Trump lawyer trying to silence Stormy Daniels with restraining order: report

President TrumpDonald John TrumpBusiness school deans call for lifting country-specific visa caps Bolton told ex-Trump aide to call White House lawyers about Ukraine pressure campaign: report Federal prosecutors in New York examining Giuliani business dealings with Ukraine: report MORE’s personal lawyer has reportedly attempted to silence adult film star Stormy Daniels, who filed a lawsuit this week against Trump in an effort to void a nondisclosure agreement between the pair.

Trump lawyer Michael Cohen obtained a temporary restraining order against Daniels, whose real name is Stephanie Clifford, from a private arbitrator on Feb. 27, NBC News reported Wednesday, citing a copy of the document it obtained.

Cohen reportedly emailed the order the following day through his own attorney to Clifford's former attorney, saying that the document “is to remain confidential.” Clifford's current attorney, Michael Avenatti, told NBC News that the actress does not “take kindly” to being threatened.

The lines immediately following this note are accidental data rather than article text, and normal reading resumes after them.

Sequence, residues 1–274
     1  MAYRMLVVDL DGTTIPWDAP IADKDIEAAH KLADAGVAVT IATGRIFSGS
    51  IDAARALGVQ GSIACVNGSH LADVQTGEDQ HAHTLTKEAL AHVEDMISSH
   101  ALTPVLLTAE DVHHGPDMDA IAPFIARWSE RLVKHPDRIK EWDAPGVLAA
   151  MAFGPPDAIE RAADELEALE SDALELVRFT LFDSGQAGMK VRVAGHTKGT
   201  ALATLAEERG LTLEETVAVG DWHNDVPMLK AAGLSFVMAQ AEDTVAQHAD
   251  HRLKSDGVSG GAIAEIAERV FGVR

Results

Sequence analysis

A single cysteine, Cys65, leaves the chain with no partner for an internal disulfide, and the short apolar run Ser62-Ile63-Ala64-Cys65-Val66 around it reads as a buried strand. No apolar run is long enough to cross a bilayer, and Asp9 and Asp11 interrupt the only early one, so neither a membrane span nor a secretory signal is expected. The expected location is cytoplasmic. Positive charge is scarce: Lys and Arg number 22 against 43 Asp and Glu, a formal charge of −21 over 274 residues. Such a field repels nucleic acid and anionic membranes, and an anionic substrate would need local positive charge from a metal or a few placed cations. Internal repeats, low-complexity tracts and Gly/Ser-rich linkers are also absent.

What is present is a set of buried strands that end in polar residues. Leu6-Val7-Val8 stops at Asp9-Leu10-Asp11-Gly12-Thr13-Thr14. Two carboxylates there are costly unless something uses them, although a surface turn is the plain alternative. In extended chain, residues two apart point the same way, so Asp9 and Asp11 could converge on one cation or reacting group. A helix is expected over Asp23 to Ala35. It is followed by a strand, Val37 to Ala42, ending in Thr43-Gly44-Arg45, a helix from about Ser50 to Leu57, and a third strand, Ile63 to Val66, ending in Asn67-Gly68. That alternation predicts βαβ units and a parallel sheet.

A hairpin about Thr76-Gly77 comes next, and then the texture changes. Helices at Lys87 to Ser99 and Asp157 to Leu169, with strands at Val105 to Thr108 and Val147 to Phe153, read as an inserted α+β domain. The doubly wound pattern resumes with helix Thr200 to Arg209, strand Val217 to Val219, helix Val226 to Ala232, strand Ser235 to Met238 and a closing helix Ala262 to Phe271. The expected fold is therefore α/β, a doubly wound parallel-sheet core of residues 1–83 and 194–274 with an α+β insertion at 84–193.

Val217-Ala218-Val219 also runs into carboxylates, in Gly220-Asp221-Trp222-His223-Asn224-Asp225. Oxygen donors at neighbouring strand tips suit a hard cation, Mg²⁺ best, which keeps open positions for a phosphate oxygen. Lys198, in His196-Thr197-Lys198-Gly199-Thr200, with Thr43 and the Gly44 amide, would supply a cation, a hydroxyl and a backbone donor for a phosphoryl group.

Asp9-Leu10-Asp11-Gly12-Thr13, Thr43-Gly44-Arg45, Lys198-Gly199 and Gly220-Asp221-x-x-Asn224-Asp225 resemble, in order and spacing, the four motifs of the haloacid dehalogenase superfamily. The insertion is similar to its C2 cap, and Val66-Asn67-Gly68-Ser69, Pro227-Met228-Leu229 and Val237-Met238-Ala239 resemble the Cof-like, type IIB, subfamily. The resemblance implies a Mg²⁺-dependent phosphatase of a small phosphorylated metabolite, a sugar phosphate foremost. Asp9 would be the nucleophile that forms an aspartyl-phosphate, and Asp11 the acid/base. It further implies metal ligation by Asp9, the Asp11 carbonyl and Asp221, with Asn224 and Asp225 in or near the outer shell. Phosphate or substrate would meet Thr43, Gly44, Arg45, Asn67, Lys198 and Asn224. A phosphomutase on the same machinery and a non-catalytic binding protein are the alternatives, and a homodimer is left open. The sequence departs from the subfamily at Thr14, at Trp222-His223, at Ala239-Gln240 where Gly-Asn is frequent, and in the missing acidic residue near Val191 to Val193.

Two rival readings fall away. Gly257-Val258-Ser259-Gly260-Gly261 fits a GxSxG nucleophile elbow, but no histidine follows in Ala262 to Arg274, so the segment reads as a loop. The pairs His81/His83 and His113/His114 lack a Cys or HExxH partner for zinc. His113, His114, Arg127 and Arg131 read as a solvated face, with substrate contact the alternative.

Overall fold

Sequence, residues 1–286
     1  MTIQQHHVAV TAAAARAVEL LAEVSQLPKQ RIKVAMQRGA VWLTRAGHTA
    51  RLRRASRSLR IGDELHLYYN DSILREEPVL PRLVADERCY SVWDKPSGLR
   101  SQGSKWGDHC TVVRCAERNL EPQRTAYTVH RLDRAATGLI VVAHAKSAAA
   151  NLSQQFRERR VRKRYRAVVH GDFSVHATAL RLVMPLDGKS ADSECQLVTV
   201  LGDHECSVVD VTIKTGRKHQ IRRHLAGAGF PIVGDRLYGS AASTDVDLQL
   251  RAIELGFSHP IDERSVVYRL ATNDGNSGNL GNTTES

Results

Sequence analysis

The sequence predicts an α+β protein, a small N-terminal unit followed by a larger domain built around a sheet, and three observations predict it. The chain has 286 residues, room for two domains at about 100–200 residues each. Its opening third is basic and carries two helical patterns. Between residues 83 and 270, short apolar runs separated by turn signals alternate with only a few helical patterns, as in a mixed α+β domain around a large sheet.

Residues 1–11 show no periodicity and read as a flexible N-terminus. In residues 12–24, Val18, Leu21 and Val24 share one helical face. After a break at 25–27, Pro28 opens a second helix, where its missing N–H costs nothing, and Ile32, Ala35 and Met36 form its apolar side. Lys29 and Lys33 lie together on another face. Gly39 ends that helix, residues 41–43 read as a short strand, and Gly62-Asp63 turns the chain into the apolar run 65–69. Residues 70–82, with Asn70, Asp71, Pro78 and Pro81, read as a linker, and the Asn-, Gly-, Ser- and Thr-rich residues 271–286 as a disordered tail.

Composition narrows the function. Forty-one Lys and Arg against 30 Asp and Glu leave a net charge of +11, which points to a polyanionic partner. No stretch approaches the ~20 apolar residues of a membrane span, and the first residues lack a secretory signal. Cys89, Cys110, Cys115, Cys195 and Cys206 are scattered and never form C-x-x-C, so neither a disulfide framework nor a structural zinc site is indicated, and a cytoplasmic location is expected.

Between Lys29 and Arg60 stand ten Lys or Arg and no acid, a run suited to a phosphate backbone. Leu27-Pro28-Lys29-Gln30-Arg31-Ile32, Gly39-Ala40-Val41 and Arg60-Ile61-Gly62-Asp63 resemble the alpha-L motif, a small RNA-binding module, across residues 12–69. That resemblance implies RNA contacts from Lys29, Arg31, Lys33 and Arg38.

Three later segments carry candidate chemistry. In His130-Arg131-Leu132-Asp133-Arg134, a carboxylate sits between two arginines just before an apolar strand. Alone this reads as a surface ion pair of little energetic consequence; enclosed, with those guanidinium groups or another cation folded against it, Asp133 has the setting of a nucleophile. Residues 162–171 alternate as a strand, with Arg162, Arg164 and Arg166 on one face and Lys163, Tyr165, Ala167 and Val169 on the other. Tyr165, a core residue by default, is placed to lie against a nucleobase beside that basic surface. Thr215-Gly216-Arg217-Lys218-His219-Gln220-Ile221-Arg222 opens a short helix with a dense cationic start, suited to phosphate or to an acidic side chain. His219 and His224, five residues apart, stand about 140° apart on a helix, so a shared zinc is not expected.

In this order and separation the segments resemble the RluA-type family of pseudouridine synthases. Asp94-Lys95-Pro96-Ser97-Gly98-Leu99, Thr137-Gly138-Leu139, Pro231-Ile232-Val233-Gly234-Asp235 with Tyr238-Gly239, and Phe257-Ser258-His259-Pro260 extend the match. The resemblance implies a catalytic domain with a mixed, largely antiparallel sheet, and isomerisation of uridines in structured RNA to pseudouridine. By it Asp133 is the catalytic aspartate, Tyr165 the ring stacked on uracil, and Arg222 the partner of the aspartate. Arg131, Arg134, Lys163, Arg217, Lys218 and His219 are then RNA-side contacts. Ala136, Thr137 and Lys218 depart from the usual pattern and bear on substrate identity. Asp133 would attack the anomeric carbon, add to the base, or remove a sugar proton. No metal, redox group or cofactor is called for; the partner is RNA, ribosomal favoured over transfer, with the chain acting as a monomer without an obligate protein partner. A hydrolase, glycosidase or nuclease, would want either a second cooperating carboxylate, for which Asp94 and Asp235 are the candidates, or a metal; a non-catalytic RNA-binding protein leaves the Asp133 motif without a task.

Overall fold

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“Earlier today, Mr. Cohen through his attorney, Mr. Rosen, further threatened my client in an effort to prevent her from telling the truth about what really happened," Avenatti said Wednesday. "We do not take kindly to these threats, nor we will be intimidated."

Clifford filed a civil suit against Trump on Tuesday claiming that the nondisclosure agreement between them is invalid because Trump never signed the document.

The document in question, signed by Clifford and Cohen before the 2016 election, barred her from discussing a sexual encounter she claims she had with Trump in 2006, a year after he married first lady Melania TrumpMelania TrumpMelania Trump breaks ground on new White House tennis pavilion Overnight Health Care — Presented by Coalition Against Surprise Medical Billing — Buttigieg unveils aggressive plan to lower drug prices | Supreme Court abortion case poses major test for Trump picks | Trump takes heat from right over vaping crackdown Kroger to stop sales of e-cigarettes at stores MORE.

Cohen admitted publicly to paying Clifford $130,000 as part of the agreement.